Rachel Weisz on 'My Cousin Rachel' and how Brexit 'feels like a death' - Metro US

Rachel Weisz on ‘My Cousin Rachel’ and how Brexit ‘feels like a death’

How true is The Favourite?
[Image: Fox Searchlight]
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Rachel Weisz likes it when you’re not sure if you like her characters. After all, sometimes she feels the same way. She runs hot and cold on Tessa Quayle, the doomed activist she played in “The Constant Gardener” — the role that netted her an Oscar 10 years ago.

“She was a character on a moral crusade, but she was a real pain in the ass as a person — quite annoying and deeply imperfect,” Weisz tells us. “That’s what I liked, that she was on the right side of morality but she was no angel. It made me think she was a real person.

“Some characters be too perfect to have flaws, which makes you not believe them,” she adds.

The actress, 47, is through the roof about the responses she’s been getting about “My Cousin Rachel.” She plays the title role: a mysterious woman in 19th century England who may or may not have murdered her husband. His cousin, Philip (Sam Claflin), certainly thinks she’s guilty — until he meets her and finds her charming enough that he quickly falls in love. Still, there’s always the chance that Philip could be her next victim — though we spend the entire film wondering which side she’s on.

“I made a decision whether she was guilty or innocent,” Weisz says. “The director [Roger Michell] didn’t want me to tell him which way I decided. It was a mystery from him, which was a fun game.”

She won’t tell us either. Instead, she likes to hear what viewers think.

“People have interpreted it differently,” she says. “I’ve talked to people who think her charm and warmth is a performance and she’s not to be trusted. And I’ve met people who are more in the camp that she’s just a woman trying to be independent and free and is a vulnerable victim of gossip and misunderstanding. You can interpret it both ways, which I find delightful.”

Either way, it’s clear that “My Cousin Rachel” — based on the 1951 novel by Daphne du Maurier — intends to explore how women were treated in the distant past.

“These rumors are surrounding her because she’s different,” Weisz explains. “She doesn’t fit into her times. She has different sexual mores from those around her — different views on marriage and being owned. She’s independent, and that causes a lot of negative gossip. As it still would, let’s face it.”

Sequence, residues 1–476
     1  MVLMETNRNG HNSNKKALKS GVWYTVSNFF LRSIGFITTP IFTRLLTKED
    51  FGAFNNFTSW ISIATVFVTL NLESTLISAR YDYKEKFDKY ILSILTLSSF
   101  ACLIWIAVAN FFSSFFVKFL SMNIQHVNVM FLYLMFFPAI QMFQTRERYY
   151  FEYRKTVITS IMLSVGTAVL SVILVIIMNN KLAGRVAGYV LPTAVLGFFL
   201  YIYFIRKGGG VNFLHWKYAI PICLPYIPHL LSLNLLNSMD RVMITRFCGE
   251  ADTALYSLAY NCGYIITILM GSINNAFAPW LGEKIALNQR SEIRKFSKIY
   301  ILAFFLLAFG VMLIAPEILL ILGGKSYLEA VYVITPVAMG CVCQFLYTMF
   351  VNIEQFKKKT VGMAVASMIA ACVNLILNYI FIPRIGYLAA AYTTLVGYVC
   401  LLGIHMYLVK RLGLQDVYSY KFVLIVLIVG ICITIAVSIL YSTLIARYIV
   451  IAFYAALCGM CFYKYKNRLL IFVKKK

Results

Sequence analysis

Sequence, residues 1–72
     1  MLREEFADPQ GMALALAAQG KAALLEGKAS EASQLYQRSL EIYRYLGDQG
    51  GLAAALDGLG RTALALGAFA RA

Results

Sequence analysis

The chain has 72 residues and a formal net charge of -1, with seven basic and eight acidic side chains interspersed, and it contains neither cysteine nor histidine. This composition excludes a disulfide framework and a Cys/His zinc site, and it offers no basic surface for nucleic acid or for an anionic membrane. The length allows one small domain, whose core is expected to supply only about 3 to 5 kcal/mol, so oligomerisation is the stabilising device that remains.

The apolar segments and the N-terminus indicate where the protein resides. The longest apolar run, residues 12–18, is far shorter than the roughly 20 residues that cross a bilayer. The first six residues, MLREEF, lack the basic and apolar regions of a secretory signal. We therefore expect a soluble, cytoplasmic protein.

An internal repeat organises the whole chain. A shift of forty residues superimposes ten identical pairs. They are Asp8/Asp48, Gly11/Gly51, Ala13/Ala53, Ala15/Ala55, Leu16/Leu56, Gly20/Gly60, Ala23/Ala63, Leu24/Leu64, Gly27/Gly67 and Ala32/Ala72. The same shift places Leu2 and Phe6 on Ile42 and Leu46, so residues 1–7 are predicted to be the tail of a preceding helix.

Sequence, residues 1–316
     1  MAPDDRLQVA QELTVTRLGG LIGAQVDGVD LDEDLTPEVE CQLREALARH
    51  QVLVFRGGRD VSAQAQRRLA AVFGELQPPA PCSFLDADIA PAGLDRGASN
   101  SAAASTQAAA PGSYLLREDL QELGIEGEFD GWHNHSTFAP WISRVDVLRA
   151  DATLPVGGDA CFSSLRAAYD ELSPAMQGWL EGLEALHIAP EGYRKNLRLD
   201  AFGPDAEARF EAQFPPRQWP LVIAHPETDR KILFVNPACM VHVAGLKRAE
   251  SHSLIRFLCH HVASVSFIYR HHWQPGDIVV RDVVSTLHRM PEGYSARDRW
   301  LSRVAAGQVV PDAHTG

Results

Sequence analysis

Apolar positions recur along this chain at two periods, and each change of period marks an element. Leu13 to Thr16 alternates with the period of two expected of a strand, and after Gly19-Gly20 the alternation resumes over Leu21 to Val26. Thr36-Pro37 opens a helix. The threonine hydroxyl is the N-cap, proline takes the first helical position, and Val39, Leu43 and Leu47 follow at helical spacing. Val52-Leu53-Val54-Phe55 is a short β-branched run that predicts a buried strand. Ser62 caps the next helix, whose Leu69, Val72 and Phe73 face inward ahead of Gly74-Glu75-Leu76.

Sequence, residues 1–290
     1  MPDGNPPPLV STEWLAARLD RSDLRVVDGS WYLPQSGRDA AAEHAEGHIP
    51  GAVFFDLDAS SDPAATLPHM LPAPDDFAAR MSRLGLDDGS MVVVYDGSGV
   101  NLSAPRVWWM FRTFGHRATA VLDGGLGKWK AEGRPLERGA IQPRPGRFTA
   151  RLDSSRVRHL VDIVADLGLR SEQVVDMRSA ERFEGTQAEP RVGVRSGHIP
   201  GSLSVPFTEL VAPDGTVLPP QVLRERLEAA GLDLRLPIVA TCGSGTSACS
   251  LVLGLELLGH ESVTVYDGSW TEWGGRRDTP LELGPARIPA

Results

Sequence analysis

For Weisz, the way women are treated in “My Cousin Rachel” isn’t that different from today. Society still tends to treat those with XX chromosomes like inferior others.

“It’s as if women were some tiny minority. We’re half the planet!” she says.

Even when Weisz has done huge Hollywood films, she hasn’t settled for dull characters. That includes her biggest film: 1999’s “The Mummy,” in which she plays the endearingly wide-eyed, geekily enthusiastic Evelyn Carnahan, who all but steals the movie away from star Brendan Fraser and the pricy special effects.

“She was a librarian in an action movie. I just thought that was a great cocktail. She seemed so contradictory,” Weisz says. She’s glad Evelyn’s not cinema’s only nerd-turned-action movie star. “I just saw the new ‘Pirates of the Caribbean,’ and it had a hot astronomer [played by Kaya Scodelario]. I guess that’s all the rage again.”

The ambiguity in “My Cousin Rachel” feels even more pronounced now, when we live in a “post-truth” world — when we can’t be sure if our president is a Russian puppet, and Kellyanne Conway drops words like “alternative facts.”

“We’re living in highly ambiguous times,” Weisz says. Still, she’s reluctant to only read or listen to those she agrees with. “I used to turn on [Bill] O’Reilly for fun,” she says with a laugh. “It’s fascinating to listen to someone you don’t agree with.”

Weisz describes herself as “cautiously optimistic” about the future, hopeful that this intense, unsure period will come to an end.

“There’s only so long it can last,” she says. “I understand the damage to the earth is irreparable, but I’m looking at this era as a finite thing. History goes through changes, and people come out the other side. I’m trying to have some perspective.”

Still, she doesn’t feel that way about everything. “Brexit feels like a death,” Weisz adds. “There’s no going back. It’s like a death in the family — something’s gone forever.”

Follow Matt Prigge on Twitter @mattprigge

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